Family status determines whether a household member belongs to the family or not and the types of families. Family members are defined on the basis of generations. The first generation is composed of spouse, cohabitant and lone father or lone mother. It is not important that children (second generation) are natural descendants of family members of the first generation.


Type of migration is a characteristic of a migration with regard to the boundaries of the territory (international migration and internal migration) and with regard to the observed territory (migration between settlements in a municipality, migration between municipalities, migration between statistical regions).


Reason for migration is the basic motive or prevailing ground (e.g. employment, buying a dwelling, marriage) why the migrant changed the last usual residence.


Usually spoken language is the language used for communication between household or family members (verbal or writing). A person can use one, two or more languages. If a person uses three or more languages, he/she had to determine the two most commonly used.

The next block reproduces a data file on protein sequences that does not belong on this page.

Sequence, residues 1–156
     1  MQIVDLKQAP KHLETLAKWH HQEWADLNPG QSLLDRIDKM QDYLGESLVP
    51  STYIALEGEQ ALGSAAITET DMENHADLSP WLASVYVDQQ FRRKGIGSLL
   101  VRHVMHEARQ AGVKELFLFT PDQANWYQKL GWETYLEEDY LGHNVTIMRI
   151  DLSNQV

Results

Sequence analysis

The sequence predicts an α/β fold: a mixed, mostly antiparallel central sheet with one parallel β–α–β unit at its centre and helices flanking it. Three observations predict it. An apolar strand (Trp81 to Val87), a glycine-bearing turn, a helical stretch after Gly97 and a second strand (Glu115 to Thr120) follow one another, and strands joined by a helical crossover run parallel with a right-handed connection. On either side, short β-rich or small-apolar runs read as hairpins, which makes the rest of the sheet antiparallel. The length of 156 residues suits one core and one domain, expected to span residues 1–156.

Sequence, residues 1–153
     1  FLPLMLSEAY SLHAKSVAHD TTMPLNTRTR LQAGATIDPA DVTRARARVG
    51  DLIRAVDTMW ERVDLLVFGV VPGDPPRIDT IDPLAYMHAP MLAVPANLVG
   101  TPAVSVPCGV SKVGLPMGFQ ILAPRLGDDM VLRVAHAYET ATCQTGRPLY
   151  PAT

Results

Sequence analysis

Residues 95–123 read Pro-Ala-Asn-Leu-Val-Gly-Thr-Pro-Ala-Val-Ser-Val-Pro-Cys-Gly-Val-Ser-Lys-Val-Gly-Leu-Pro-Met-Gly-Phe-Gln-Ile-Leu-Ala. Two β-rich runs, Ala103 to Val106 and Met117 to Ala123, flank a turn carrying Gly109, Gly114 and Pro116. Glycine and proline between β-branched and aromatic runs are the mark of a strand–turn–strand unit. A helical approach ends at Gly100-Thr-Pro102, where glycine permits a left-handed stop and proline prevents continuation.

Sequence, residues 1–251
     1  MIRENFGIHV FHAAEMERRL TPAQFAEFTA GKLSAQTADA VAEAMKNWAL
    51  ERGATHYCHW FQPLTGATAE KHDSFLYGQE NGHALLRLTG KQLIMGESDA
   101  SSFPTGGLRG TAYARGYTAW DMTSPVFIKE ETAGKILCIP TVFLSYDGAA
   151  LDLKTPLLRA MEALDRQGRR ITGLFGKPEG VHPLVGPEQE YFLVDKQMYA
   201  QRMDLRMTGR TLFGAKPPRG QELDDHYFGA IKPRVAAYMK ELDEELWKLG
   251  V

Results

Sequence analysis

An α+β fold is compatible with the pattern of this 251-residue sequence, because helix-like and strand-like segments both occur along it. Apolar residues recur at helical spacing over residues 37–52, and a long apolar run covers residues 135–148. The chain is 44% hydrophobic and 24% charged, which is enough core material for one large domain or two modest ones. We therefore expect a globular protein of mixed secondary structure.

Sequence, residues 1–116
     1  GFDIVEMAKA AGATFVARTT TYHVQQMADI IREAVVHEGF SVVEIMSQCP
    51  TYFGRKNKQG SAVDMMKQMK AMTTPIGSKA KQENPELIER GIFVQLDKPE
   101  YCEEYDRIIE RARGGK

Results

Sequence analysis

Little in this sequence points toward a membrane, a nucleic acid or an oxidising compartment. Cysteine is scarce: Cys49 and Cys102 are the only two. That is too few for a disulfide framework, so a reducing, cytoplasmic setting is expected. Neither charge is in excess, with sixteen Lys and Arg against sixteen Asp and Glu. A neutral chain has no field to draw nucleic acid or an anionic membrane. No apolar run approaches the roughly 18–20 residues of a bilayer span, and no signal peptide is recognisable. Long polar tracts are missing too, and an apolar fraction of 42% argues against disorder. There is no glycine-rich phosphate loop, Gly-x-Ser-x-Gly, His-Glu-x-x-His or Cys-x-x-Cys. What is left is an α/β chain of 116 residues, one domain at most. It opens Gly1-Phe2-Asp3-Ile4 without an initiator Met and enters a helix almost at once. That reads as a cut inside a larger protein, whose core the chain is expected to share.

Number of live-born children is the total number of children born alive regardless of whether they are living or dead. Stillborn children are excluded.


Average number of live-born children per woman is the ratio between the total number of all live-born children and the number of women aged 15 and over. Women who have not (yet) given birth are included.


Temporarily
absent are inhabitants absent less than one year who:
- were absent at the critical moment of enumeration accidentally;
- because of work, schooling, family or other reasons temporarily live in another settlement in Slovenia or abroad.


A migrant is a person who immigrated to the place of residence from another settlement in Slovenia or from abroad.
 

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CENSUS PUBLICATIONS

First Release


PDF - 108 KB

 

  Basic data on the population, families, buildings and dwellings in Slovenia, and changes between the 1991 and 2002 censuses.

Rapid Reports, Population

Census data show that demographic characteristics of the population in Slovenia, its way of living and habitation are changing.
 

Slovenia

PDF - 0,95 MB

 
  Municicipalities overview

PDF - 2,16 MB

Censuses in Slovenia 1948–1991 and Census 2002


PDF - 5,23 MB

  Short analytical overview of the population, households and housing in Slovenia in words, pictures and figures.
 

EXPLANATIONS ABOUT CENSUS

 

Statistical Office of the Republic of Slovenia,
Vožarski pot 12, 1000 LJUBLJANA,